Okay, so makeup has always been my favorite toy (well, since I was allowed to use it at all). Even in high school I was trying to cop celebrity faces from big glossy photos (TEO, do you remember me painting a lousy beauty mark on my face, then calling you and hollering, "I am MARILYN!"?), and dreaming of being a big old glamourpuss.
Thank goodness for the eighties. For that decade which foisted upon us pink acetate lame' also gave me the chance to think, at last, I *was* a glam goddess. It opened up the door for people to indulge in costuming more extreme than was common for people of limited means through most centuries. Ahh, it gave us Lestat and Poison and all those hair boys I used to (heh - used to) love, and makeup makeup makeup. Magenta, fuschia makeup. Lovely, lovely.
I spent years perfecting my complexion, perfectly even eyeliner, lipstick it would have been an embarrassment to go around pooching. Just the right, mile-long eyebrows. Marathon waterproof mascara. Shine Free cover (I hated seeing that discontinue, when it did; finding new products to replace beloved old ones is the bane of every face-goop-lover). Oh, yes, purple eyeshadow. I did purple eyeshadow - of course I did! We all did. (It's those of us who thought to stop who don't look quite like relics ...)
The eighties were my season of technique - finding all the ways to obliterate each flaw. I used foundation, cover, and pure white Johnson and Johnson baby powder; it was the smoothest possible finish by FAR. I wore full-face makeup every day, even to work.
The nineties were, toward the end, a little more about flexibility. I discovered that I can wear RED. Beautiful, stupid, screaming, true red. I subdued the blues and purples on my eyes, retreating to taupe for day, smoke - or "nude" lids - for night. The nineties were for me, as for most of us goop-ophiles, about the lips. Uber-dark, or garishly, dragon-lady red. The only options.
It was early in the aughts I met Mr. X. And X is the first man I have ever met who reveled in the details I so loved to play with as much as I loved to refine and play with them. He responded to my clothes, my makeup (my hair). He loved the different characters of my look - soft, showy, "dark" - confident. He loved that I wasn't hiding behind paints, but using them to play up different things for every given situation.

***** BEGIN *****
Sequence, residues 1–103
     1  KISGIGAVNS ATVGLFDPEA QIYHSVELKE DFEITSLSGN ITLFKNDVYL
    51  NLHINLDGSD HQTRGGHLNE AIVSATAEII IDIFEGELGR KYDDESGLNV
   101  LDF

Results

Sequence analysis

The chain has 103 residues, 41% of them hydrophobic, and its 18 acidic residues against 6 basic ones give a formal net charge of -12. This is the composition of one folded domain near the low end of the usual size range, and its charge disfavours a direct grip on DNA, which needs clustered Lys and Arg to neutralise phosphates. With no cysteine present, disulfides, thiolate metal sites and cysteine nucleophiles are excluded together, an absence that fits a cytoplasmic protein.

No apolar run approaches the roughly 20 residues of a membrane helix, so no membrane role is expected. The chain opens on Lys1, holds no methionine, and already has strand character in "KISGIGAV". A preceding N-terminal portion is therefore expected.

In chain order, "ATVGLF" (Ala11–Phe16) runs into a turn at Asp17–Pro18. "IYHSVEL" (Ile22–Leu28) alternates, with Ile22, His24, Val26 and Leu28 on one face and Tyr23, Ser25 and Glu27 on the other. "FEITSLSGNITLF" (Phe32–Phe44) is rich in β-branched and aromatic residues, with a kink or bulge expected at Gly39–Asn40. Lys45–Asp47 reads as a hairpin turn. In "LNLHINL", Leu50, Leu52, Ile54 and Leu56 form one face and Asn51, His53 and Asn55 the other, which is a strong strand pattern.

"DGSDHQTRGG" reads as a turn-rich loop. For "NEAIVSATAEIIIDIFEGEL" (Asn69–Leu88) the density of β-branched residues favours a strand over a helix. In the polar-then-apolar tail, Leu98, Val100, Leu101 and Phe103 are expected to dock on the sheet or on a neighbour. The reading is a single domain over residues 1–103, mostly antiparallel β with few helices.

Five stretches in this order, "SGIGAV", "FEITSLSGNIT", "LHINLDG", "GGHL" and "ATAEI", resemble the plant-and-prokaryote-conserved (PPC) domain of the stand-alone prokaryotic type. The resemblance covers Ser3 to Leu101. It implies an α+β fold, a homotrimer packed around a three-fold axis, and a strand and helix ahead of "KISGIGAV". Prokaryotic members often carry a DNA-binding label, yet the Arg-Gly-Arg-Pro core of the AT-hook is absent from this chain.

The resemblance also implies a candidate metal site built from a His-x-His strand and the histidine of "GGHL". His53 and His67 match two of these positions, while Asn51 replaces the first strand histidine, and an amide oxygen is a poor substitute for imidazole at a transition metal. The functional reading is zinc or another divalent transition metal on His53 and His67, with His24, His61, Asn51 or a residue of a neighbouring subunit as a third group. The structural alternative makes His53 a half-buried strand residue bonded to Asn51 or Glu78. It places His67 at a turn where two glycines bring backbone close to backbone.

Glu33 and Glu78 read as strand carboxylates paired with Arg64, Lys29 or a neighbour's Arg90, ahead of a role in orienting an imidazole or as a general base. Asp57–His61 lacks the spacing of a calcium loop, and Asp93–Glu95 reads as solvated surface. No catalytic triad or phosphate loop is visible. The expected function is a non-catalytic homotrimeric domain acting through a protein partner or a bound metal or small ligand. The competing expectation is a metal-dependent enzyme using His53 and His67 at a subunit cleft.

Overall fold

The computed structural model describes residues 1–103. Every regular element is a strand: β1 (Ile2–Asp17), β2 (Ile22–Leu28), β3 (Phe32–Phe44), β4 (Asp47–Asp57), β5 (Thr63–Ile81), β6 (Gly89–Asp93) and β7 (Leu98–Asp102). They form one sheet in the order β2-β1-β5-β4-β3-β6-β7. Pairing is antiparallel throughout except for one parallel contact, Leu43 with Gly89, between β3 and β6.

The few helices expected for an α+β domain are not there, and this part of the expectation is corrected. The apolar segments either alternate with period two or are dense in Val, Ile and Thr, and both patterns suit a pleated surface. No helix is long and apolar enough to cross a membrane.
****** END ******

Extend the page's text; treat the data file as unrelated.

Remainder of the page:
He especially liked "dark" - I was halfway into my thirties by the time I met him, but he first brought out the goth nerd in me. Oh, and such a great nerdly-dom for a girl like me, whose favorite toy is eyeliner. Is color, or lack of it. Is unexpected detail.
And so, extreme makeups. I started to go beyond doing things perfectly, into doing things *differently* - unexpected ideas. I'd grown up surrounded by punk girls, who loved my fair skin and asked me how I got it. This had influenced me early to stay out of the sun - and at forty-two, I still have a decent pallette to work on, a starting surface with interesting potential.
It's funny how hard it can be to find "extreme" inspiration, though. Years back, I bought Kevyn Aucoin's lovely tome of celebrities turned into other celebrities, or fanciful characters. His mother as Marlene Dietrich, Gina Gershon as Sophia Loren, Martha Stewart positively amazingly unrecognizeable. Liza Minelli as Marilyn herself (hee ... I still believe my cop was a bit better ...). I have another book from Nars, too. I've clipped pics of Clara Bow and others for Hallowe'en costumes, or just because. I've collected images online, and this is even a part of the reason for my interest in ANTM. Amazingly, this is one of the best sources for extreme makeup inspiration (over a year's worth of American Vogue certainly disappointed on this front to a great and frankly surprising degree). They do ridiculous stuff, but it can be co-opted.
Take the time they put bald caps on the girls and pasted Swarovski crystals in patterns on their faces. Awesome! I can skip the bald aspect of things, but have used these crystals time and again now. Easy-peasy, high-impact, and tons of fun. I used a red one, I think, for my "lip piercing" when I went as Amy Winehouse for Christmas a few years back. I have lined my eyebrow, and cheekbone, and the inner corners of my eyes with various colors of them. They are too fun.
The little "bubbles" from my Carnivale photo.
The silver mask I painted on for a "masquerade party" one year at New Year's Eve, when I didn't have a good mask of my own.
The white liner, the underdrawn lips, the false lashes, the different colors. I did Clara Bow so well that first year my aunt swore the pics weren't of ME. Ahh, wigs, ponyfalls, that little Barbara Feldman number. Mmm, the fun I've had with vintage hair. Victory Rolls! What could be more fun? (And I'm still looking for my excuse for them; my skimmer "clip on hat" from Hallowe'en prevented the sculpting!)
But search "extreme makeup" and what you get mostly is bright colors, but applications of the most traditional sort. Done well, to be sure, but unwearable in most circumstances - just for a photograph. How dull! I want to be able to go OUT looking like a nutbar. Purple and yellow just isn't sufficient "extremity", in my mind, for the wildest makeup. Little liquid-eyeliner curliques are pretty and all, but not exactly crazy time.
I love looking at crazy eyes (the eyes have it, mostly, for your whacko cosmetic efforts). They just seem to be harder to find than you'd expect.
Stay tuned. Daft photos will follow.
11 hours ago